New York Daily News, July 11, 2008: As food prices rise, New Yorkers have to come to table for food stamps

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Friday, July 11th 2008, 6:40 PM

The economy is going down the drain, the cost of living is going through the roof, and low-income New Yorkers are going to hell in a handbasket. Not a pretty picture.

As if that were not enough, food is becoming a luxury item and the lines at food pantries and soup kitchens keep growing longer.

Fortunately, there is some help available. It’s simply a matter of more eligible New Yorkers – many of them immigrants – taking advantage of the main source of food assistance in the country: federal food stamps.

“I feel very strongly about this,” said Councilman Eric Gioia (D-Queens), who, together with the Homelessness Outreach and Prevention Project at the Urban Justice Center, released a study on Thursday focusing on immigrants and food stamps.

The report, Nourishing NYC: Increasing Food Stamps Access in Immigrant Communities, found that many low-income New Yorkers qualify for food stamps but are not getting them.

“Especially with the rising food prices, hundreds of thousands of people in New York find themselves in a position they never thought they would be in, having to choose between buying food or paying the rent,” Gioia said. “They would be helped by food stamps and many qualify to get them, but don’t know it.”

The study found that immigrant participation in the food stamp program is hampered by a climate of fear and confusion over rules for eligibility. This translates into thousands of them being deprived of food stamp benefits while the city loses millions in federal funding.

Franco DiCicco, 47, a clinical nutritionist born in Italy and a New Yorker since he was 3, is a case in point.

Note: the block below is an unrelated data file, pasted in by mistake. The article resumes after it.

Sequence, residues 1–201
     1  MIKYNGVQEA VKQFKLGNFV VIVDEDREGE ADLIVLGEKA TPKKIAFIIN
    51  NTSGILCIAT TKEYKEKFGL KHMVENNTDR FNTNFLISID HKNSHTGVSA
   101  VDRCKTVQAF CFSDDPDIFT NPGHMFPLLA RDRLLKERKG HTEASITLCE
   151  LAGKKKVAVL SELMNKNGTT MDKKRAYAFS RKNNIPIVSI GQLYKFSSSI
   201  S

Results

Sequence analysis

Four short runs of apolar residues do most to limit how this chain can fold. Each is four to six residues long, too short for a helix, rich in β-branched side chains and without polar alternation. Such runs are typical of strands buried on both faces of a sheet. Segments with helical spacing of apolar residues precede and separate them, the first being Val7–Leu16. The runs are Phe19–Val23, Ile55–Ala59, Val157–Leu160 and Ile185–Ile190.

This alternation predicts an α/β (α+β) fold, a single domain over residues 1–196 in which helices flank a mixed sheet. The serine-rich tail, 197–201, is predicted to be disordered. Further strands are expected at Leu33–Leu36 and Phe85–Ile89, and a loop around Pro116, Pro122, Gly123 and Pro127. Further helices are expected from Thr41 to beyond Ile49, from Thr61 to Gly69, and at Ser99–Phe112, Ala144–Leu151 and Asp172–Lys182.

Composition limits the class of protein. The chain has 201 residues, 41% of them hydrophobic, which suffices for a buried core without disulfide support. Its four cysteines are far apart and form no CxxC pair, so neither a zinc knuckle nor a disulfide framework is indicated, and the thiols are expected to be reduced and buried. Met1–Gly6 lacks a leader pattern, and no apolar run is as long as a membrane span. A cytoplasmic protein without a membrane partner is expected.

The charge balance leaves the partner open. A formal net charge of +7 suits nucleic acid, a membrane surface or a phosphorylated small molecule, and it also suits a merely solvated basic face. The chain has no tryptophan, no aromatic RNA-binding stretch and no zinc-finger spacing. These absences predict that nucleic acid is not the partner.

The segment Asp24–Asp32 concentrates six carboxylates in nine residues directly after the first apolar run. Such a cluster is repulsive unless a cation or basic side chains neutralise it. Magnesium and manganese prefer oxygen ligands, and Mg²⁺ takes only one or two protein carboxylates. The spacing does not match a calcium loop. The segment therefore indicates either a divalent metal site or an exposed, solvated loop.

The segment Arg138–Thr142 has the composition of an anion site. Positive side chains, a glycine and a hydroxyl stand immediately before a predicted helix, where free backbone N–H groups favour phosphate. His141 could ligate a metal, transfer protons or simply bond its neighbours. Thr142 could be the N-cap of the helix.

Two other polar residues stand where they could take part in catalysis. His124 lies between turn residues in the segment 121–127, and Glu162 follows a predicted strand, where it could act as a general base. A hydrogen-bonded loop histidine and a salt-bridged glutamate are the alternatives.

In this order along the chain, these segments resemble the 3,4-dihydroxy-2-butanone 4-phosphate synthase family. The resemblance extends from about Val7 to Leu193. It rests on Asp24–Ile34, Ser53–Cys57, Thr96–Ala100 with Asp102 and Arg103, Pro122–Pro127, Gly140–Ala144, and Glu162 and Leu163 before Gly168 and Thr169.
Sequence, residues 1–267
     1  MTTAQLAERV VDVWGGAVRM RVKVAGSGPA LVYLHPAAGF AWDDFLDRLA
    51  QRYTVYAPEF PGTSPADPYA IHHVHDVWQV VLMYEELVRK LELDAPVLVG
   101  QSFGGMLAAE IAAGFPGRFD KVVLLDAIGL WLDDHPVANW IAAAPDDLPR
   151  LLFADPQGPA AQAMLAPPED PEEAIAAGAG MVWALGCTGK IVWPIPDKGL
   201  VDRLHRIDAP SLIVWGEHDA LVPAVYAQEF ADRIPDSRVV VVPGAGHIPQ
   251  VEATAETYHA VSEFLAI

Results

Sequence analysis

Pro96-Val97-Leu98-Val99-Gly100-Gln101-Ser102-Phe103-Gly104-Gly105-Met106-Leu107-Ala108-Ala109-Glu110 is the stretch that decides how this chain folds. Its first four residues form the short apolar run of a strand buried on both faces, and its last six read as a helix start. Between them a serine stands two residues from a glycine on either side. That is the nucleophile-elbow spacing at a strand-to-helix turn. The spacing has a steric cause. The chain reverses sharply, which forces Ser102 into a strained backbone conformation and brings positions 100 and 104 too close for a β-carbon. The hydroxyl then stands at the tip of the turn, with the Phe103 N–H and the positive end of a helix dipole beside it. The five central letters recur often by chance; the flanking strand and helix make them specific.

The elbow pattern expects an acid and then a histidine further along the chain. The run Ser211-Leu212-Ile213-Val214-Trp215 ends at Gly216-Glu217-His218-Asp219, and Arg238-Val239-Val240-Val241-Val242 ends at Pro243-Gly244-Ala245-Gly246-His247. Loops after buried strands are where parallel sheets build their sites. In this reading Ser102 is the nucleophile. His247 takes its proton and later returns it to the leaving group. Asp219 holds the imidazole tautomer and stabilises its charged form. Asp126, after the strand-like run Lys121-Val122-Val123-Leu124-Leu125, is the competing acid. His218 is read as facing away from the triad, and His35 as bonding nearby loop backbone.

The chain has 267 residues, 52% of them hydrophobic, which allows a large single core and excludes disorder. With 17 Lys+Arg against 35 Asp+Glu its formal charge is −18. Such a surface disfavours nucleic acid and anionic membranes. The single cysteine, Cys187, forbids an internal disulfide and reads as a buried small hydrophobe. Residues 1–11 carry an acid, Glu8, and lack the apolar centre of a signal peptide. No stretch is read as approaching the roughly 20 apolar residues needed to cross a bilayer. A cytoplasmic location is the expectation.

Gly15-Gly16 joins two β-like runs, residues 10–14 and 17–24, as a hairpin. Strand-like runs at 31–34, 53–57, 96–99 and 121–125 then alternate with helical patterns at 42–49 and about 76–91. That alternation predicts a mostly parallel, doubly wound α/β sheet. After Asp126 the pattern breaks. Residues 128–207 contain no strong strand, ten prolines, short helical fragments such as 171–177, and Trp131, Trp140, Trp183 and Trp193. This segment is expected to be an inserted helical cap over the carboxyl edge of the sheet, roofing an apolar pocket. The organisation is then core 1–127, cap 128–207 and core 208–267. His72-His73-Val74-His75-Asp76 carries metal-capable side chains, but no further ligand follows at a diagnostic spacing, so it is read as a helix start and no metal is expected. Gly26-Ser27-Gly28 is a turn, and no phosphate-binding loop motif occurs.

DiCicco, a U.S. citizen, lives in Fresh Meadows, Queens, with his wife – a legal immigrant from Venezuela – and their 18-month-old son, who was born in New York. This year, a truck rear-ended DiCicco’s car while he was driving to work and he sustained several fractures and torn ligaments. He hasn’t been able to go back to work.

“I needed help very badly and on April 1 I applied for food stamps. The prescreening went very well,” said DiCicco, who still wears braces on his neck, one leg and two fingers. Then they gave him another appointment and confusion ensued. “They asked me for my wife’s green card and my son’s birth certificate. I made copies and faxed the documents to them. More than three months went by and nothing happened.”

It wasn’t until he got in touch with Betsy Pabn, director of the Food Stamps Program at the nonprofit Sunnyside Community Services in Queens, that the bureaucracy began to move again.

“She got on the phone and talked to some people in the food stamps office, told me what to do and where to go,” DiCicco said on Thursday. “And today I’m finally getting my card.”

Because half of all New Yorkers live in an immigrant household and immigrant entrepreneurs are a driving force in the city’s economy, their access to food stamps concerns the entire city, the study points out.

Yet, 83,205 noncitizens eligible for food stamps are not getting them. Legal immigrants (the undocumented do not qualify) were only 77% as likely as citizens to register in the program.

The report recommends intensive language-appropriate outreach and assistance in the city’s immigrant communities to help address the hunger crisis. It stresses – and Gioia agrees – that getting more immigrants to enroll would not only benefit them, but also the city.

“Getting this right is important,” Gioia said. “It is a moral obligation to New Yorkers, and it gives the city a welcome injection of federal dollars.”

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